This chapter outlines different types of provision in relation to their care and support that can be made in advance by a person in case they lose mental capacity at some time in the future, in order that their best wishes will be respected should that time come.
2. Advance Statements
An advance statement is where a person may express a desire to make provision for their care or welfare in the event they lose their capacity to make their own decisions. Advance statements were known previously as advance directives and can be written or verbal.
They do have to be explicit about a particular treatment, for example, they can be made by a commitment to follow a lifestyle choice.
A clinician making a best interests decision on behalf of a person who lacks mental capacity must take into account any advance statement, as specified in the Mental Capacity Act (MCA). The statement is an expression of preference and is not legally binding on the health or social care professional.
It may be difficult to challenge a health care professional’s decision to disregard the person’s wishes, however, they can argue it has been considered and they were acting in the person’s best interests (see Best Interests chapter).
2.1 End of life
See also End of Life Care chapter
At end of life, the best interest test applies when a patient does not capacity to make their own decisions. It can be through loss of capacity in accordance with the MCA or through loss of consciousness (temporary or permanent). This will cover decisions relating to palliative care and withdrawing treatment.
In the absence of a valid advance decision or health and welfare LPA, the decision on which the treatment should or should not be provided rests with the health care professionals, not the relatives.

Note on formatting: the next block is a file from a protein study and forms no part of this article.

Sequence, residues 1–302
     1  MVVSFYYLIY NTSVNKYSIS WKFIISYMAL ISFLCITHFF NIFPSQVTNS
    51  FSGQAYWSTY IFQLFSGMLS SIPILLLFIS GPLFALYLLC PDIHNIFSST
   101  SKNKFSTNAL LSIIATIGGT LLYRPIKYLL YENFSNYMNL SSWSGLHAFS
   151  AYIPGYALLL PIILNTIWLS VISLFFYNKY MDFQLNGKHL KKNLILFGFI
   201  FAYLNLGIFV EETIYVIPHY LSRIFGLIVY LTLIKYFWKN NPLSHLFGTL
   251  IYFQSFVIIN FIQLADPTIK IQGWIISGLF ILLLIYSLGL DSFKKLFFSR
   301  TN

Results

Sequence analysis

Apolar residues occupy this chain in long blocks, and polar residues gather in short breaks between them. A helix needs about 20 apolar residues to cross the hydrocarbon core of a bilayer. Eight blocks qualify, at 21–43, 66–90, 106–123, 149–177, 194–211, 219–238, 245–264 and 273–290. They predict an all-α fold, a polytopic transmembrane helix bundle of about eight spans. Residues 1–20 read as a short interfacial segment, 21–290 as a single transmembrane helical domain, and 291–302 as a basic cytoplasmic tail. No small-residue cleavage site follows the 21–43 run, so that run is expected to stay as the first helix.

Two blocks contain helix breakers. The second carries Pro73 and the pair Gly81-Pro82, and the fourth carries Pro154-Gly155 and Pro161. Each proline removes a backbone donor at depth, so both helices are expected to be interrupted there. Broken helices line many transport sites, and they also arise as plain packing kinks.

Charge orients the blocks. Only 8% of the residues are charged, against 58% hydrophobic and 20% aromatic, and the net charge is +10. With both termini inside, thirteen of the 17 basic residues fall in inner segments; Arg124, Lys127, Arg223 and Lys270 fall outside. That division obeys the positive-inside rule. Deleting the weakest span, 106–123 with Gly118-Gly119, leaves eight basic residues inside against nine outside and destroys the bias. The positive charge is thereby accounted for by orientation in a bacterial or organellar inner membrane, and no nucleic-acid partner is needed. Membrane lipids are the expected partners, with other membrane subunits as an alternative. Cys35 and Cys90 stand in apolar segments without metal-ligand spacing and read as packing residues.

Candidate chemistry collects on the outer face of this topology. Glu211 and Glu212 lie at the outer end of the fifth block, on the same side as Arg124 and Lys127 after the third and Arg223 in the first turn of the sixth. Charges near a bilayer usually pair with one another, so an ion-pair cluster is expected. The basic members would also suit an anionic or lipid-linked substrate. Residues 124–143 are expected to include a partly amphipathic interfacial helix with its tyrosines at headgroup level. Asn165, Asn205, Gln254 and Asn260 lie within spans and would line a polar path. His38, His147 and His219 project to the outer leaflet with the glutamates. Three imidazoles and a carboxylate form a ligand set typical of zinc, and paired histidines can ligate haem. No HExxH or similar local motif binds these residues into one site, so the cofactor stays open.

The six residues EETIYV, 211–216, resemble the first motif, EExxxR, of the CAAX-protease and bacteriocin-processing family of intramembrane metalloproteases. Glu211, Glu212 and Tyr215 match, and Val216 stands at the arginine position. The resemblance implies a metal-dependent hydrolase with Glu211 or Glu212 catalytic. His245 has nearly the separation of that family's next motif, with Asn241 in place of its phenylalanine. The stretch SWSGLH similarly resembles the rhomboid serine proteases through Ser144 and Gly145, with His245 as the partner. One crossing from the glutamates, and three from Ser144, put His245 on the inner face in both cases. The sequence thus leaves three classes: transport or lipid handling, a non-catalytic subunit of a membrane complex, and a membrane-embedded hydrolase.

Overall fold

The health care professional must determine what is in the patient’s best interest taking all the relevant circumstances into account – medical and non-medical
3. Advance Decisions
An advance decision is different from an advance statement. An advance decision is a document which contains a statement that applies even if the person’s life is at risk; where the refusal relates to life sustaining treatment. This is specified in the MCA.
The document is designed to express the desires of a person who lacks capacity to refuse all or some medical treatment and overrides the best interests test.
The document is legal binding provided the criteria under the MCA are met which are as follows. It:
- can only apply to refusal of treatment;
- must be written;
- must be made when the person has capacity;
- must be made by a person over the age of 18 years and has been witnessed.
The MCA says the document must contain “a statement … that it is to apply … even if the life is at risk” when the refusal relates to life sustaining treatment (MCA Part 1 section 25(5) (a)). The advance decision is not binding if the circumstances it describes are not explicit.
An advance decision is not applicable to the treatment in question if:
- the treatment is not the treatment specified in the advance decision;
- any circumstances specified in the advance decision are absent;